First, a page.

Reaching Your LGBT Friends with Truth and Compassion

Alan helps Christians know which common phrases to avoid when talking to a friend or family member who identifies as gay. 


We also need to kill clichés that are harming our relationships with people,

okay? Now, what do I mean by clichés that kill? Clichés that are kill are cute little

statements that we think are clever, that we Christians like to say to our friends

who identify as LGBT but really end up doing more harm than good. Let me give

you three quick examples. Number one is this: Homosexuality is a choice or refer

to it as the "homosexual lifestyle," okay? As I've shown to you, I do not believe

that homosexual attraction is just something people choose. Yes, they choose

their behavior, but if you use the word "choice" in your description of their, who

they are, you will alienate them from you

because in their mind, they'll think, "You think I chose this? You

think I chose to be gay? You are completely out of touch with who I am,"

right? "You have no idea what I'm experiencing." So this will just simply

create a roadblock, an obstacle in your relationship with them, okay? So avoid the

language of choice. Number two, I hear people say this, "God created Adam and Eve,

not Adam and Steve," okay? I don't know why we keep saying this as

Christians, but let me just tell you, we gotta, okay? Because the only way

I've ever heard my friends and family who identify as gay and lesbian interpret

this is as an insult, okay? If you want them to believe that God made them to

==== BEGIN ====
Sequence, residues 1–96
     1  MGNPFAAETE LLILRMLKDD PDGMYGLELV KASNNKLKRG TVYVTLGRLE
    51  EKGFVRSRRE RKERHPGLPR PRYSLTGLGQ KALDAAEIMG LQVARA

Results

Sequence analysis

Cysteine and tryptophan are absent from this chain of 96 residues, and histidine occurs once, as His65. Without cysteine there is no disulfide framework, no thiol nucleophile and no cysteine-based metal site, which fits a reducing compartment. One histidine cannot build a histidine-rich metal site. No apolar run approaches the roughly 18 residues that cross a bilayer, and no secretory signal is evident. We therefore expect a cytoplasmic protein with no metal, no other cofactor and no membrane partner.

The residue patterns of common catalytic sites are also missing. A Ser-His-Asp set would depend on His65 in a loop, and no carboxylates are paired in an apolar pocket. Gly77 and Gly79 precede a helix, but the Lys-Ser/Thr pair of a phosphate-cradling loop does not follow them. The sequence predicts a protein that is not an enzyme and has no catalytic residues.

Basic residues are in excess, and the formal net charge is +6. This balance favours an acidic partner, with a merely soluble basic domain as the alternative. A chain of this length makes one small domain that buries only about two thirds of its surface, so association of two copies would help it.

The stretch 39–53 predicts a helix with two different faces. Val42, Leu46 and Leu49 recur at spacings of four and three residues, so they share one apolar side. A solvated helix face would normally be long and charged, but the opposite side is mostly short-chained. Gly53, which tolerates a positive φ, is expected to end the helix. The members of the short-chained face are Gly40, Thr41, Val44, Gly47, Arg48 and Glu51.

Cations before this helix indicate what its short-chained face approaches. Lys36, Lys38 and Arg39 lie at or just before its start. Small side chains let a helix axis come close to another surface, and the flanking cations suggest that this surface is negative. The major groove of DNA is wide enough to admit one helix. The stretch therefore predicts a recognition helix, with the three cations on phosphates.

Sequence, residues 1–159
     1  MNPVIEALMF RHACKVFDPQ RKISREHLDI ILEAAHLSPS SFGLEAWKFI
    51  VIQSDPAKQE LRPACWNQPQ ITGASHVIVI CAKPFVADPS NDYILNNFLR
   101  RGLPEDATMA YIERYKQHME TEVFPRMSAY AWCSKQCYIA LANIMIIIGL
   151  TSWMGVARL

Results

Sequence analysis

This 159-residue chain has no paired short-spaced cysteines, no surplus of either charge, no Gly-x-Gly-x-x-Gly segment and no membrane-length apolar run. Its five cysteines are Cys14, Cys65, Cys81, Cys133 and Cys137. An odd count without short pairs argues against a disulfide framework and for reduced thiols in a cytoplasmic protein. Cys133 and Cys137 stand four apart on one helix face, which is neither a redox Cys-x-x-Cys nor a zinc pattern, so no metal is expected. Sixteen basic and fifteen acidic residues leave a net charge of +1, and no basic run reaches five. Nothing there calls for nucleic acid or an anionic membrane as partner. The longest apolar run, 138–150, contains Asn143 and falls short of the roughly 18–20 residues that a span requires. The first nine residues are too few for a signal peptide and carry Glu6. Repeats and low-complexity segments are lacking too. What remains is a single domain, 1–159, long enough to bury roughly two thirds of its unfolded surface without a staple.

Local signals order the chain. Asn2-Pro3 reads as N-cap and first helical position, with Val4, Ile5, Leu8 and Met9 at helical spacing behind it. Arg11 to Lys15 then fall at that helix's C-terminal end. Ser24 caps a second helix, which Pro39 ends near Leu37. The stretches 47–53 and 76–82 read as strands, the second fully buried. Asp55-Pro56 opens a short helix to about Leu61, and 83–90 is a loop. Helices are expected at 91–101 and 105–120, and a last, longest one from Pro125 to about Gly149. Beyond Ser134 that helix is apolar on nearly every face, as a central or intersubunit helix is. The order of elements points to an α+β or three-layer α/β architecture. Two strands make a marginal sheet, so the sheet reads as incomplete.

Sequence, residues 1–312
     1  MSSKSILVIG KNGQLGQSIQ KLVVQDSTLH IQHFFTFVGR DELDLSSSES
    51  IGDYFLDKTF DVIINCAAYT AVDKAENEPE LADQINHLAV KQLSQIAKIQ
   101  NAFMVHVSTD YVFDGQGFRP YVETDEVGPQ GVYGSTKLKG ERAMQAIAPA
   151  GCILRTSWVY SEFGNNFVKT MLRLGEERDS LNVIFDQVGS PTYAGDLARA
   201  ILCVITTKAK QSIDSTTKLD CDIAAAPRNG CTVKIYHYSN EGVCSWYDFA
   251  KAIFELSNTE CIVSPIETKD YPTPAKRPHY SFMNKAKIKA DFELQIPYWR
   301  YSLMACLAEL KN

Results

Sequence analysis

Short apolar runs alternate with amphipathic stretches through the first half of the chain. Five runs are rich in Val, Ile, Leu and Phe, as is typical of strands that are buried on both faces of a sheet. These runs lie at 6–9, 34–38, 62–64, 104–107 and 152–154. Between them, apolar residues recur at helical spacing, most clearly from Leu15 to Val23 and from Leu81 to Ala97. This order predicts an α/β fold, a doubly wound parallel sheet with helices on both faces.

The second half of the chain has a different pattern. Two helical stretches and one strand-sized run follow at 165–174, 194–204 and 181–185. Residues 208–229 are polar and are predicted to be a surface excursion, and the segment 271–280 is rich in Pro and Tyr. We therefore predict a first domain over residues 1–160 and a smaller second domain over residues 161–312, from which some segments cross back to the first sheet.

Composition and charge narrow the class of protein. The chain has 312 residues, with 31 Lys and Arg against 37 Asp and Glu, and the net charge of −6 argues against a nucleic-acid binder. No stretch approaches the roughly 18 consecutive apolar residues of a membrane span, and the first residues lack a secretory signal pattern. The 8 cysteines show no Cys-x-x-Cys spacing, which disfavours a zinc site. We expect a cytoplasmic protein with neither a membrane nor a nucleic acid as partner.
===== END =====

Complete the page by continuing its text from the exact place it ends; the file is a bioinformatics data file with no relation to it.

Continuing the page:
function in a heterosexual way, then just explain that from Scripture or from

basic biology 101, alright? Don't resort to a corny cliché like this as just

simply offends people and creates more distance in your relationship with them.

Here's another one, "God loves the sinner but hates the sin." Now I know this

one's gonna be tough because this sounds biblically consistent. It might

even sound compassionate. But let me just tell you when people who identify as

LGBT hear this, they think in their mind– well, let me ask a question, actually. Do

you know what's the only word they hear in this sentence? Hate. Exactly. They hear,

"God hates me, and guess what, you hate them too."

Because in their mind, being gay's not just what they do, it's

who they are. And so if God hates me and you hate me too, then how is this a

compassionate answer? This actually has the opposite effect that you intend. So

here's my suggestion: If you want them to believe that that you love them or that

God loves them despite what they're doing, here's what you should do. Don't

say something, rather do something, and that is love them, right? You you say God

loves them, why don't you show by how you treat them, right? Spend time with them, go

to the movies with them. The next Avengers movie comes out, go see it with them. Play tennis

with them. Whatever you do with your other friends, do it with them. And because

you're a Christian and you might be the only Bible they ever get to know, they'll

interpret that as love from you, and because you're a Christian, you represent

God, that will teach them that God loves them as well.

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Alan Shlemon